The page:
Cold Stress: Not Just a Risk for Workers Who Work Outside

It’s easy to think of cold stress as only a workplace safety hazard in the winter. But for certain workers, such as those who work in walk-in freezers or refrigerated warehouses, cold stress is a hazard they face every day. Employers in industries where workers are continually at risk of developing frostbite, hypothermia and other cold stress-related conditions must take appropriate steps to protect them.

A frozen food company in Wisconsin learned this lesson the hard way. It was issued multiple safety violations by OSHA because of its inadequate protection of workers who work in its -40°F tunnel freezer.

OSHA initiated an inspection in May 2014 after it received a complaint about alleged unsafe working conditions. This investigation found that the company expected workers to work in extreme temperatures without properly insulated PPE.

“OSHA’s investigation uncovered that entry-level workers bought thermal protective equipment because Birds Eye Foods had not provided it. It was ridiculous that workers needed to spend money on protections their employer failed to provide,” said Kim Stille, OSHA’s area director in Madison.

As a result of the inspection, the frozen-food processing plant was issued one repeat and 12 serious safety violations, which carry proposed penalties of $109,400.

According to the OSHA notification of the citations, workers were exposed to temperature extreme hazards as they were required to work alone inside a tunnel freezer at temperatures -40°F, with an additional wind chill created by compressor fans, on slippery snow and ice covered surfaces, with no method of communication or rescue in the event of a fall and/or emergency.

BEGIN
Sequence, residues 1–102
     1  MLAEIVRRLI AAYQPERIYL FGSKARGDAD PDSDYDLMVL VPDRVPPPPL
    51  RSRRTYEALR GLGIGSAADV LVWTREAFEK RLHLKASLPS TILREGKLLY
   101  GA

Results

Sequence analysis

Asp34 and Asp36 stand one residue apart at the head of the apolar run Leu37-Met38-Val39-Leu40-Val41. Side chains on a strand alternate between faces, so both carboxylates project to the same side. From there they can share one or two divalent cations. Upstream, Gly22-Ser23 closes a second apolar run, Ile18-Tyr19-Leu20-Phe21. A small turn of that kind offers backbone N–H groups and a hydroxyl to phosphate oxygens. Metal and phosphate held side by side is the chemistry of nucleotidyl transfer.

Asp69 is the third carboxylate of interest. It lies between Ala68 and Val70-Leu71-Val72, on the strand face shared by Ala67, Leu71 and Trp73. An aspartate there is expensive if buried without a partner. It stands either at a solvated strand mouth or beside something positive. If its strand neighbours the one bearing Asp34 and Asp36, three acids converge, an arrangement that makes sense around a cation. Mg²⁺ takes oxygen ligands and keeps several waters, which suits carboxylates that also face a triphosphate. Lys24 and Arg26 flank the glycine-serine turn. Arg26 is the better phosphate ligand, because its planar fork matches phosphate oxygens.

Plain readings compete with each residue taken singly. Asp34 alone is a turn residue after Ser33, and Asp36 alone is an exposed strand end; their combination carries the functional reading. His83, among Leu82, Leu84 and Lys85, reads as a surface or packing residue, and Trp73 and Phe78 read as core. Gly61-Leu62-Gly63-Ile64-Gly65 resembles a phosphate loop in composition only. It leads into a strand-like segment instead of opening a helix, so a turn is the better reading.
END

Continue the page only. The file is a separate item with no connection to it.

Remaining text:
OSHA recommended the following methods to correcting the violations:

  • Establishing a buddy system, in which it was required for two employees to work together whenever entering the tunnel freezers;
  • Ensuring that all employees entering the tunnel freezer wear freezer gear covering all extremities, taking special care to protect hand and face;
  • Having a set time limit allowed to work inside tunnel freezers;
  • Installing an interlock switch so that the compressor fans shut off while an employee’s inside the freezer, reducing the wind chill; and
  • Allowing time for the floor to dry after cleaning so the remaining water doesn’t freeze on the floor, creating an ice-covered surface or installing a grated walkway so that water can drain away.

Here are resources from the OHS Insider that you can use to protect your workers from cold stress, including: